Join us on May 8 for an enlightening discussion about multisensory experiences and how the same aesthetic concerns can be applied to sound and steel.
Composer Howard Sandroff will talk about the relationship between his sculpture (completed at the Evanston Art Center while studying with Matt Runfola) and his musical compositions. He will also discuss the modes operandi of "preverbal memory" and the muse, which inspires (or not) us all in the creation of art. Sandroff’s sculptural works bear an uncanny aesthetic consistency with his compositions in that they are characterized by objects of extreme economy of material and complexity, which are not born of evolutionary development but by his interest in arresting time and space.
The same “obsessive image” inherent in his objects, both musical and steel, interact and are woven into with multiple clones and variations of the original object. The conclusion may be inescapable, that for the last 40 years his musical compositions were actually his obsession to freeze the time and motion of music into the static spatial constructions, which are now his welded steel sculptures. Using photos and recorded musical examples, Sandroff will take the audience through the “obsessive image” that dominates both his music and his sculpture. Three of his smaller sculptures will be on view in the gallery during the presentation offering visual references concurrent with a sampling of recordings and scores.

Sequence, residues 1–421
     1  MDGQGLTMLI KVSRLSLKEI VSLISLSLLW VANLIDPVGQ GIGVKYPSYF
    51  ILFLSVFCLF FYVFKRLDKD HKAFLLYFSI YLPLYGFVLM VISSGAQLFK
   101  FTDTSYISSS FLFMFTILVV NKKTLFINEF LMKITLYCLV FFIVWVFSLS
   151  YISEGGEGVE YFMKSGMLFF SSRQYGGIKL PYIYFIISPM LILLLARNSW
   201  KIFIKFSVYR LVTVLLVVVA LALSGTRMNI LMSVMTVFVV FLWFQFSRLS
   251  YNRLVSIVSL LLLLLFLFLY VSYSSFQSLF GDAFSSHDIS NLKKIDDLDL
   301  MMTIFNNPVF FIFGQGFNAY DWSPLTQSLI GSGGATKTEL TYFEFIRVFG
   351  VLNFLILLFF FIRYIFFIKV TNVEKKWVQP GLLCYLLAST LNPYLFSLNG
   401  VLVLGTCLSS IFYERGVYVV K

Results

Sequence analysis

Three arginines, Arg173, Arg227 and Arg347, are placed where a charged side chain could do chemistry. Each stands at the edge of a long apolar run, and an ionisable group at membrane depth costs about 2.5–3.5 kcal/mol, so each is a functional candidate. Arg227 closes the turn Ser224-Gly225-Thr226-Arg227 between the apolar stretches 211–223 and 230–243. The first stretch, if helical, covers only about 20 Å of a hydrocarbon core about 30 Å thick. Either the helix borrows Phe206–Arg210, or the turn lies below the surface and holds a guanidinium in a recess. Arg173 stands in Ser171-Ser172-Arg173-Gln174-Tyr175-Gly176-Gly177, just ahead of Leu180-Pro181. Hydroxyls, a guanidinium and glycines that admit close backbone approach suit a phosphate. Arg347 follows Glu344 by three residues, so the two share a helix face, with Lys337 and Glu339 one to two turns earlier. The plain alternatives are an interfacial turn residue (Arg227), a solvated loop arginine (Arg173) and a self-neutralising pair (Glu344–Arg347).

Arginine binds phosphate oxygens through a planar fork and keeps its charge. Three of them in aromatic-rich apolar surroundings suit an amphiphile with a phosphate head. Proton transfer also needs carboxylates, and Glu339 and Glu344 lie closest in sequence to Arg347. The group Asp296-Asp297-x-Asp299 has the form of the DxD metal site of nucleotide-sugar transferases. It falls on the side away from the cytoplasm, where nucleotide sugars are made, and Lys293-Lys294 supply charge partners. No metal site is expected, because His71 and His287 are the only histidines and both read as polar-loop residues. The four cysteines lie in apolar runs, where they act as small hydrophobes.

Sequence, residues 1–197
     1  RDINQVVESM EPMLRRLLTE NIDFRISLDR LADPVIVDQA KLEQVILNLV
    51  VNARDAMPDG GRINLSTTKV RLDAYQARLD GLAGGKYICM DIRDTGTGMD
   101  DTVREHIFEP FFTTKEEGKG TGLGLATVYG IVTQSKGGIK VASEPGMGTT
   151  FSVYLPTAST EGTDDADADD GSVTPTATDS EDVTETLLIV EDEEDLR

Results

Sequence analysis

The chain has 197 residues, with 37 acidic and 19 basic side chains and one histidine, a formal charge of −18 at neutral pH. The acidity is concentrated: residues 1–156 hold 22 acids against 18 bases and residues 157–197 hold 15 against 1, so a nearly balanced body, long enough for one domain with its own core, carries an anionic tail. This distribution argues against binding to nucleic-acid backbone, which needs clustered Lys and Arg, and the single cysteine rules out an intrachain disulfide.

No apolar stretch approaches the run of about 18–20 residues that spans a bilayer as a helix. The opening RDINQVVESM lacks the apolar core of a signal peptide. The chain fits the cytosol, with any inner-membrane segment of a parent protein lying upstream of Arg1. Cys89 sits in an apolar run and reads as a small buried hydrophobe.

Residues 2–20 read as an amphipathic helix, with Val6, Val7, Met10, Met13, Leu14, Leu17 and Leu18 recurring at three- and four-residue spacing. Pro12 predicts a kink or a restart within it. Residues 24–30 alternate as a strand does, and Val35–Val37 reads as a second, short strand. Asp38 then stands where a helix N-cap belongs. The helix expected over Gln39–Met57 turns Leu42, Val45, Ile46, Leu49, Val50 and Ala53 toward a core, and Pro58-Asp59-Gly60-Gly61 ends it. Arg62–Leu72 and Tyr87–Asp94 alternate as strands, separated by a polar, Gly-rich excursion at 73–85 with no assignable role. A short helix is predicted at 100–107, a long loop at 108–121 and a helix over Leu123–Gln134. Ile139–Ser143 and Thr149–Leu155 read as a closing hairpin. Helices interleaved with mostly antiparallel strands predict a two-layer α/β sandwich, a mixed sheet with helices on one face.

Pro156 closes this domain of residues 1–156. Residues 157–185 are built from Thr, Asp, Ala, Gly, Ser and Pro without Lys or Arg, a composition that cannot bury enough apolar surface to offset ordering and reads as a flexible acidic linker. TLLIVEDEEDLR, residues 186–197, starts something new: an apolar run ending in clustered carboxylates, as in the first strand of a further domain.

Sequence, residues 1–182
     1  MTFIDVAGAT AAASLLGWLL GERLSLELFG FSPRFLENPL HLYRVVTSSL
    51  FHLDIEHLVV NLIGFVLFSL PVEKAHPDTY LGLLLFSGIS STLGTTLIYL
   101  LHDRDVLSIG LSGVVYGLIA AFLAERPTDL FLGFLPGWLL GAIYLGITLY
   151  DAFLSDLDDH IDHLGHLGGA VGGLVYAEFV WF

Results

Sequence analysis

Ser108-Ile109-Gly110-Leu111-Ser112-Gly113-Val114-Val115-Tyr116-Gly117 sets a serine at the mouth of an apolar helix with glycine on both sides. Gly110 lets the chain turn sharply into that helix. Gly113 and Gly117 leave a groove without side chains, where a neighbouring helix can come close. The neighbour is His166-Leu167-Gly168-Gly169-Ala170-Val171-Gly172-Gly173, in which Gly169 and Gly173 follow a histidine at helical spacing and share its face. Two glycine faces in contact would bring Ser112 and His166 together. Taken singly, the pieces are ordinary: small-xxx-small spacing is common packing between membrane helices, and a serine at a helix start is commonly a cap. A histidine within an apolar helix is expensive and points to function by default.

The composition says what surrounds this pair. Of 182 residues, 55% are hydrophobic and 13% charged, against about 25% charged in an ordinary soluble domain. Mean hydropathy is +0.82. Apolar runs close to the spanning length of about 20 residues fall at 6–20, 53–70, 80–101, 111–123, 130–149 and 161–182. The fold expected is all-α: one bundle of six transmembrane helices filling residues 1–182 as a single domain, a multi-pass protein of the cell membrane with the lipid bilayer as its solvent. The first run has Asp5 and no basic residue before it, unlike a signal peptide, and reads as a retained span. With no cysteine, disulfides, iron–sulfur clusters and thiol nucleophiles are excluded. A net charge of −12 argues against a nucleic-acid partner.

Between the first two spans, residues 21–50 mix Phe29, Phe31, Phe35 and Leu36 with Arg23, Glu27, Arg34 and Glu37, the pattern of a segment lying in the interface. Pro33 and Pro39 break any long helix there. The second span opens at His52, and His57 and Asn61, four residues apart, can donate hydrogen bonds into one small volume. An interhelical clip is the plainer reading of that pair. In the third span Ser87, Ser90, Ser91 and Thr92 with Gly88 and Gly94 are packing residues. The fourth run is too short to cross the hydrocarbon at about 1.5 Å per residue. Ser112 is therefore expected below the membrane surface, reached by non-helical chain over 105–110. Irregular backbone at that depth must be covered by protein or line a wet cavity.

Howard Sandroff is currently Professor of Sound Art at Columbia College Chicago, Department of Audio Arts and Acoustics and a Senior Lecturer in Music and Director of the Computer Music Studios at The University of Chicago’s Department of Music
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